GDPR stands for the European Data Protection Regulation, legislation regarding the protection of natural persons in regard to the processing and circulation of their personal data.

The law passed by the European parliament is in force since May 2016. The novelty is that after 2 years, this May 25, 2018 will end the adaptive period, so that organizations and companies must comply with it to avoid heavy fines, in addition to avoiding the consequent damage to the reputation of the brands involved.

This regulation replaces previous ones, that given the remarkable changes produced in recent years regarding big data, cloud and information processing, were totally obsolete. To give an idea, the previous European law dates from 1995, and another one from 1999 was fulfilled in England.

So that you are 100% aware, at CWT Advertising we tell you everything you need to know about it.

Who is affected by the GDPR

One of the biggest changes is the scope of the legislation, since it now applies to all companies that process personal data of people residing in the European Union, regardless of the location of the company or where the information is processed. Previously, the territorial applicability of the directive was ambiguous.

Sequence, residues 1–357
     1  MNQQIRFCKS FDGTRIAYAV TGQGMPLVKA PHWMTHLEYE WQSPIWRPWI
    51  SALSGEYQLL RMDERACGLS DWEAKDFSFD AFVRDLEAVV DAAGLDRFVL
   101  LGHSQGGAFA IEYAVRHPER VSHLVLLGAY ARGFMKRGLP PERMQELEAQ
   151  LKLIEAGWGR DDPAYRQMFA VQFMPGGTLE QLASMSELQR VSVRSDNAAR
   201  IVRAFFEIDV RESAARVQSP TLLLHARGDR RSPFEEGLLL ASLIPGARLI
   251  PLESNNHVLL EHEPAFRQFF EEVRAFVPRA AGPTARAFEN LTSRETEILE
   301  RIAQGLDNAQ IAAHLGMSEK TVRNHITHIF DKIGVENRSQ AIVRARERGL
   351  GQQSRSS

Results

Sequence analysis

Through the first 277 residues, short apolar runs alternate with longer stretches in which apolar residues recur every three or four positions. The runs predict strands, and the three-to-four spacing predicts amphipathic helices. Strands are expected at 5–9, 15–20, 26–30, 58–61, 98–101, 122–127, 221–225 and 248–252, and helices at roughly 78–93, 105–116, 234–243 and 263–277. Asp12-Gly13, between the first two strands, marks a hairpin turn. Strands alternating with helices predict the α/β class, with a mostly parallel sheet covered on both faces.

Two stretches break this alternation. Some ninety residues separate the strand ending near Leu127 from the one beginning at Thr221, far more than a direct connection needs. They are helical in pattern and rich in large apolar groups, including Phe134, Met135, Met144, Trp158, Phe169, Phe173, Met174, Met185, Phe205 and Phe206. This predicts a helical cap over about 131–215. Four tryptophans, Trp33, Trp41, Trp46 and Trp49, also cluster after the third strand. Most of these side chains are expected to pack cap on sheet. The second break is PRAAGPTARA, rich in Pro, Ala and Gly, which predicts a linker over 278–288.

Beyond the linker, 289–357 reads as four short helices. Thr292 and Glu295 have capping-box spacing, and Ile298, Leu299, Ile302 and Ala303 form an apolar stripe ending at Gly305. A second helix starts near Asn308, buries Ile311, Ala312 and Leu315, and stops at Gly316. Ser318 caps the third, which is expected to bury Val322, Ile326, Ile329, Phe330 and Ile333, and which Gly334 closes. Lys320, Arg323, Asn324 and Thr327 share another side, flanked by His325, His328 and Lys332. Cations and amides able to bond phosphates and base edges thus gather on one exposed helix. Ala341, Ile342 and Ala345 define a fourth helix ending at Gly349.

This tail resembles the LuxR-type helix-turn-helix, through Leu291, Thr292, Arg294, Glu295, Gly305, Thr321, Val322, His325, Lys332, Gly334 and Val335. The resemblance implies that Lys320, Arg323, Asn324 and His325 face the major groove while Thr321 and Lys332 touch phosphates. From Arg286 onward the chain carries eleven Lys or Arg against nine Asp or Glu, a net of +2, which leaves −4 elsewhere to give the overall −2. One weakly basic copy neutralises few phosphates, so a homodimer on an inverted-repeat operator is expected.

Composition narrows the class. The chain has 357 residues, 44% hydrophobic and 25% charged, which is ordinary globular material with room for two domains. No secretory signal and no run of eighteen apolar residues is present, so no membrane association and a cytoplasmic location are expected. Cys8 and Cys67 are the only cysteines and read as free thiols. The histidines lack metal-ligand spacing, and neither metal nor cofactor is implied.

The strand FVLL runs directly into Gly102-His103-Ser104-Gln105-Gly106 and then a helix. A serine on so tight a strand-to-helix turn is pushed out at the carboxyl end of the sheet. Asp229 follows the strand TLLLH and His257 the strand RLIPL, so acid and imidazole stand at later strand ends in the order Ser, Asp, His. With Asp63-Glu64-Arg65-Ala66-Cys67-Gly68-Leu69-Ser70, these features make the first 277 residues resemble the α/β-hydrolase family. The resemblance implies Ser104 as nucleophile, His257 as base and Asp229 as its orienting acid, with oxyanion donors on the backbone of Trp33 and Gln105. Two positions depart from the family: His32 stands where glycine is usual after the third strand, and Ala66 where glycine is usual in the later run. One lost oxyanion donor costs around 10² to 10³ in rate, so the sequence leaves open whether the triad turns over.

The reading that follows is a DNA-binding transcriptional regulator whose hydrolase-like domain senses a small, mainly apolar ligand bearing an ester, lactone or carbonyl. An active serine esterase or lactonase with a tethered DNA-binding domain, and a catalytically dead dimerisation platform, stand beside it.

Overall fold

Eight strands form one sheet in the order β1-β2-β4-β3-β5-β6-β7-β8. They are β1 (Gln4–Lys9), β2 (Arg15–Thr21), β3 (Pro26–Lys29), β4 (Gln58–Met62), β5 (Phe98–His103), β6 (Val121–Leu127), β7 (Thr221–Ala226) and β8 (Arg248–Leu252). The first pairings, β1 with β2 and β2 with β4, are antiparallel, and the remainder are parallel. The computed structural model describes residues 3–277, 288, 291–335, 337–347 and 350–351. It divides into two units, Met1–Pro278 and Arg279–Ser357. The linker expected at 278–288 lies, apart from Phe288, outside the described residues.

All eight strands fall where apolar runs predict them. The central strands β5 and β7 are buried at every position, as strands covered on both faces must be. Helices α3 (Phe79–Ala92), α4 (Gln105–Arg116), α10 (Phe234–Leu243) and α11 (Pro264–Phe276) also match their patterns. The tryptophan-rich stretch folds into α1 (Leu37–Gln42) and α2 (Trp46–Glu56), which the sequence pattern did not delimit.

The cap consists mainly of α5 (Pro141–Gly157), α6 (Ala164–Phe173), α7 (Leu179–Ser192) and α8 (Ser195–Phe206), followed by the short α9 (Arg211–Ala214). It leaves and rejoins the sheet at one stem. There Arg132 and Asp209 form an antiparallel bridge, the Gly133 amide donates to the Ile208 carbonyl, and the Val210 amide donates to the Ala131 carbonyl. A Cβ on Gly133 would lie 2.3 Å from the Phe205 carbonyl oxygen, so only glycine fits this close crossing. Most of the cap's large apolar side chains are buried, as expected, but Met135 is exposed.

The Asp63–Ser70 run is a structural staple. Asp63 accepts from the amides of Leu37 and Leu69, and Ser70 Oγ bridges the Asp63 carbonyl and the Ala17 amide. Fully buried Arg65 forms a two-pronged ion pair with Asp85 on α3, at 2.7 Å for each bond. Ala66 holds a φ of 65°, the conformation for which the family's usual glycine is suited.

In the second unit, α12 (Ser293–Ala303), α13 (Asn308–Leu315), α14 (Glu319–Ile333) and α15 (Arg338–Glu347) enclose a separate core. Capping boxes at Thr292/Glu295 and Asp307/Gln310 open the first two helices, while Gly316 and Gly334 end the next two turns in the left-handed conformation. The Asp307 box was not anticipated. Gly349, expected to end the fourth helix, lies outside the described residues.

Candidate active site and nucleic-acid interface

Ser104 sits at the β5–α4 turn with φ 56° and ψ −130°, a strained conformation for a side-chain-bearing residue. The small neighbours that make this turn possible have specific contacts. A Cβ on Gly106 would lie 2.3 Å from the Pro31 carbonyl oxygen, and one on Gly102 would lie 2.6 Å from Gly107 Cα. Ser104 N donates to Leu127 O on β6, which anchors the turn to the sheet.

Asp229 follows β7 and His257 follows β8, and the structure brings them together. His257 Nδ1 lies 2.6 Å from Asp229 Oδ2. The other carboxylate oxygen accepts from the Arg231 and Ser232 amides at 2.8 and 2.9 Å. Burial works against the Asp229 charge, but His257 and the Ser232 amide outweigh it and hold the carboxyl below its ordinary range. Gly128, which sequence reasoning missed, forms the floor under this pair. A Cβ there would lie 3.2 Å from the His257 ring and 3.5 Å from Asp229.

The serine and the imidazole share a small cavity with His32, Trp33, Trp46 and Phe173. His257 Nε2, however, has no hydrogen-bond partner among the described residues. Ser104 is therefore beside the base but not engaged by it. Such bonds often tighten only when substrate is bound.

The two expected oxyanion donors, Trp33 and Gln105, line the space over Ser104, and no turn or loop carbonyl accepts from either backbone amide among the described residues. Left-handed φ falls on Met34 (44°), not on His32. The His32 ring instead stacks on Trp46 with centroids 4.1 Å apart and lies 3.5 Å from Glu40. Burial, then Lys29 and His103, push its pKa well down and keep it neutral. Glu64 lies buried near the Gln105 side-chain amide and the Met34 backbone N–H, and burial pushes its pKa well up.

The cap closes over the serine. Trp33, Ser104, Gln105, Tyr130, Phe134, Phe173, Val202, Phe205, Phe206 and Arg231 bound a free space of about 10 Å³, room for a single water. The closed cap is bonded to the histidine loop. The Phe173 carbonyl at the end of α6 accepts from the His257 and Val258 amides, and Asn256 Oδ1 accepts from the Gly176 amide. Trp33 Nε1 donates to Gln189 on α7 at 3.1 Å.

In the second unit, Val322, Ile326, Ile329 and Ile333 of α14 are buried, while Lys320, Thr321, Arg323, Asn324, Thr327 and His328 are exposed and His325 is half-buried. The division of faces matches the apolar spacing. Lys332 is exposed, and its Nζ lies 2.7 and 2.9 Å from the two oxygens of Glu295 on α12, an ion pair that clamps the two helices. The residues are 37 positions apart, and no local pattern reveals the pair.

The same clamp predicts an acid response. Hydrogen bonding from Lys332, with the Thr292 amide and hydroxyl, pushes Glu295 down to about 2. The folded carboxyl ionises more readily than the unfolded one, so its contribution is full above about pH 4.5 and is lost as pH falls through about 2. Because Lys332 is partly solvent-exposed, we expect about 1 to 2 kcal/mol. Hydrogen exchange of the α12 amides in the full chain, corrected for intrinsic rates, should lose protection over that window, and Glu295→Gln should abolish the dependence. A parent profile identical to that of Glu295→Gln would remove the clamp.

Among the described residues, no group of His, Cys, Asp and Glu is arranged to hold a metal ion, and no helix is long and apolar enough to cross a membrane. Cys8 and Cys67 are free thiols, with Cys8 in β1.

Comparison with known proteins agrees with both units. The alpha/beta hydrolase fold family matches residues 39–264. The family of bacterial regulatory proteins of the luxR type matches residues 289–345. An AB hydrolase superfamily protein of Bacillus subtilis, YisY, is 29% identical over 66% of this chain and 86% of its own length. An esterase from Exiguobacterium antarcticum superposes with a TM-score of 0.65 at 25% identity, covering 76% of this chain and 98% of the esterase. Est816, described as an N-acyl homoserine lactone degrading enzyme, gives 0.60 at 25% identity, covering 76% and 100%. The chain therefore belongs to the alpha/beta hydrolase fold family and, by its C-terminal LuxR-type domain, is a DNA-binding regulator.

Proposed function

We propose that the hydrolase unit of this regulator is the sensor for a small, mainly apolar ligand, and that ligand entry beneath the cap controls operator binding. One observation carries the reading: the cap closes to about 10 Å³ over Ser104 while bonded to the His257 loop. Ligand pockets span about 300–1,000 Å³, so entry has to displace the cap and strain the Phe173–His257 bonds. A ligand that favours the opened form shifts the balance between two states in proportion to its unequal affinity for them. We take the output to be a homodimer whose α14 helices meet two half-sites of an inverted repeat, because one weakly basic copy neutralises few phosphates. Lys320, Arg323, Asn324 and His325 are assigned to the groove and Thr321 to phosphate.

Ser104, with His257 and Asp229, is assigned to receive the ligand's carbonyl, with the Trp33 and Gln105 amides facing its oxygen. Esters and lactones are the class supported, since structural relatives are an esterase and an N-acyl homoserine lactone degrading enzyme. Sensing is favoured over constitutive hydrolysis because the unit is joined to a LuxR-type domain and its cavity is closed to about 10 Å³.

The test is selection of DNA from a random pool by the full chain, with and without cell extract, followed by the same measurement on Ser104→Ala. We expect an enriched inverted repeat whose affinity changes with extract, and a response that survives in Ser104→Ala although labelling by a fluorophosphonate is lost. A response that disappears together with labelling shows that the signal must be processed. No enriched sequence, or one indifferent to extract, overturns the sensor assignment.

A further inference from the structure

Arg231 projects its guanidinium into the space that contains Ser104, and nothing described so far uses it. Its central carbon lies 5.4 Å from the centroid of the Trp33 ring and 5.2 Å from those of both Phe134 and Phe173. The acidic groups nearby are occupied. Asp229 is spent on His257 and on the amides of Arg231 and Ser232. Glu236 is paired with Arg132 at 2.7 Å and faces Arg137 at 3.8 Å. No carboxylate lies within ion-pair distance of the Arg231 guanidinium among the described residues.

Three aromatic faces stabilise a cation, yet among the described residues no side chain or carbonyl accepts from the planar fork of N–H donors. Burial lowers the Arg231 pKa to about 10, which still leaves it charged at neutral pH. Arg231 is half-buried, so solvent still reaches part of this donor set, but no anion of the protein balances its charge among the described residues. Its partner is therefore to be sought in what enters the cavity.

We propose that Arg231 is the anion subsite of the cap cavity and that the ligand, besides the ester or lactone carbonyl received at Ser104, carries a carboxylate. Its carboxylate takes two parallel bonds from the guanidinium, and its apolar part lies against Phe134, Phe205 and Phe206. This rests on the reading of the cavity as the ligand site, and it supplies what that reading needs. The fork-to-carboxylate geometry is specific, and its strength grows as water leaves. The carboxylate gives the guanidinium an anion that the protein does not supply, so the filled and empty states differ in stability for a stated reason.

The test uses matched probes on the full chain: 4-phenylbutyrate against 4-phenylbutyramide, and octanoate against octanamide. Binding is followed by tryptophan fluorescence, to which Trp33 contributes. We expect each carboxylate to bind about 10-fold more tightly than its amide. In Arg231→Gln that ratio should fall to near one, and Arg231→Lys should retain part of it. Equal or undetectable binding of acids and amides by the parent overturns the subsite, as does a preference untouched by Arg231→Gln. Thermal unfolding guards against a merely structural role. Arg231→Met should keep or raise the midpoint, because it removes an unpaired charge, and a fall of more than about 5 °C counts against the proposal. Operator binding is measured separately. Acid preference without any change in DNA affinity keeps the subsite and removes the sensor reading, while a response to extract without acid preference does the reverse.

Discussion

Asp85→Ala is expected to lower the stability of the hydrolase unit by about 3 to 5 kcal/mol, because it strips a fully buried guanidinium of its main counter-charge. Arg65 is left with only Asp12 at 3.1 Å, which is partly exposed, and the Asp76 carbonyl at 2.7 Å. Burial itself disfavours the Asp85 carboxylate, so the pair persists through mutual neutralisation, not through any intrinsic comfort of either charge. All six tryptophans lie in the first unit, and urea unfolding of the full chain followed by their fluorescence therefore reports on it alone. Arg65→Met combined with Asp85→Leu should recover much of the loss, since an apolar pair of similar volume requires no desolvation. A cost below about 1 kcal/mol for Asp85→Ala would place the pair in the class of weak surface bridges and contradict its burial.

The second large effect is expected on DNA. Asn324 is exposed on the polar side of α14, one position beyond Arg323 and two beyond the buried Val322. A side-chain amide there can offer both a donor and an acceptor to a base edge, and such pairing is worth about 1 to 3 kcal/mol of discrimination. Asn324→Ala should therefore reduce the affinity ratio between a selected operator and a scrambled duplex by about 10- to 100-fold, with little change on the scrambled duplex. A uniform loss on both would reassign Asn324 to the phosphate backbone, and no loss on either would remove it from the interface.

What are the penalties?

The maximum fines can reach up to 4% of the annual global turnover or € 20 million, whichever is greater. The penalty can occur for example for not having enough consent from the client to process their data.

Consent to use information

In another important modification, the conditions for consent have been strengthened, and companies may not use illegible terms and conditions, and extensive legal descriptions. The request for consent must be easily understood and easily accessible, and it must be as simple to accept as withdraw later.

Right of access

Another valuable change is the right of any citizen to obtain their own information, requesting a free copy in electronic format, as well as knowing where their data is being used, and for what purpose.

Right to Forget

The right to be forgotten is a fundamental concept for the privacy of information, when the first conflicts of the European Union with Google arise.

The new law gives users the right to ask the data controller to delete personal information, and also that potential third parties involved also interrupt the processing or dissemination. The conditions for deletion include that the data is no longer relevant for the original purposes, or that the persons involved withdraw consent. In the latter case, the public interest is evaluated when considering such requests.

The impact on email marketing

Finally, we want to tell you that the law has an important application in email marketing.

Companies that register contacts of the European Union and also:

In this special year for the privacy of information and the protection of personal data, with an epicenter in the Facebook scandal with Cambridge Analytica, it is undoubtedly very good news for Internet users that this law comes into full force.